Danish transport companies say passenger ID checks would be tough to implement

SAS and Scandlines worry that checks could lead to less services and some dicey situations

The Danish government is moving quickly with its plans to introduce a carrier liability law that would require the major transport operators to check IDs on all air, rail and sea routes in and out of Denmark.

However, airline SAS and ferry operator Scandlines have rejected their overall plan and schedule as unworkable.

They have told DR today that just one week to prepare would not be long enough, that they would have to cut back on services to accommodate the time needed to check passengers’ IDs, and that they would feel uneasy about performing a job that is better suited to the police or border guards.

The government is rushing the proposal through an eight-day consultation phase (January 27-December 4), and the proposed bill, should it be submitted, would include a provision to fine transport companies that do not comply with the new requirements.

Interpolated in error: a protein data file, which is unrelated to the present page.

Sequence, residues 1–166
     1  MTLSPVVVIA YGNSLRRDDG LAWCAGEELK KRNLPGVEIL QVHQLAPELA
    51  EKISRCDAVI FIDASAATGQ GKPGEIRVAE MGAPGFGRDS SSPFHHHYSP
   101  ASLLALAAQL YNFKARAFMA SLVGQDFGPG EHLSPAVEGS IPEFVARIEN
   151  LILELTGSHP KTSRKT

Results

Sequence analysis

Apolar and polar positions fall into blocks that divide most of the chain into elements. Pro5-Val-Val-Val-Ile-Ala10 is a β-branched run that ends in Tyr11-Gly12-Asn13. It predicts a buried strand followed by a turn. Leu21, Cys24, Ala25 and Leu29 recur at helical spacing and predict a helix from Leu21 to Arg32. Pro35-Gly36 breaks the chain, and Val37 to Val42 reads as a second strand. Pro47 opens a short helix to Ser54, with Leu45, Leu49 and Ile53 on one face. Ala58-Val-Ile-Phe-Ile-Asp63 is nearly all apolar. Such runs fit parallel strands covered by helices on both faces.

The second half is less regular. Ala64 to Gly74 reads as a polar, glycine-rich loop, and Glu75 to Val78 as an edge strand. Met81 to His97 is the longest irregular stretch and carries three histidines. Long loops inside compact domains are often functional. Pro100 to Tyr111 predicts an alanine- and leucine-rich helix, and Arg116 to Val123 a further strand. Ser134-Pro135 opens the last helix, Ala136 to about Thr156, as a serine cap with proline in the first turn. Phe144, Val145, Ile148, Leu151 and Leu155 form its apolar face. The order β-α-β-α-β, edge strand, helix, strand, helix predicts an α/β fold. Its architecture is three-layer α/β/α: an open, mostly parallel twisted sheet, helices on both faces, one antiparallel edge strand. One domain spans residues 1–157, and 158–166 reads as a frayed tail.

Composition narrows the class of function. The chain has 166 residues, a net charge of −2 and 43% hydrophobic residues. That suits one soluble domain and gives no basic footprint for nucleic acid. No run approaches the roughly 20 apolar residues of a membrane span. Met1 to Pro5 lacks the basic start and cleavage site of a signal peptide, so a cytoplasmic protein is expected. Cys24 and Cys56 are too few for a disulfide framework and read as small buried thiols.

Short notice
According to Lars Wigelstorp Andersen, the vice president for public affairs and infrastructure at SAS, checking passenger’s IDs and visa documents requires training employees in proper conduct – a task that cannot be implemented at short notice.

Andersen said the airlines would need at least two to four weeks to train the staff to perform the checks according to the proposed law.

“It is absurd that we would then be fined if we didn’t do the checks properly,” Andersen told DR.

Andersen is also worried that checking passengers’ travel documents could escalate into heated situations.

“This is normally a task for the police or border guards. It’s a bit worrying that our employees, who don’t have the same authority, should be put in such a situation.”

Longer waiting times
Scandlines, which provides ferry services to Germany and Sweden, expects that if the bill is adopted, the company will offer fewer crossings.

“The possibility of having to do 100 percent ID checks would lead to a fundamental change in our business concept [currently the ferries spend only 15 minutes in a port] and it will have serious consequences for the company’s economy,” Scandlines stated in an email to DR.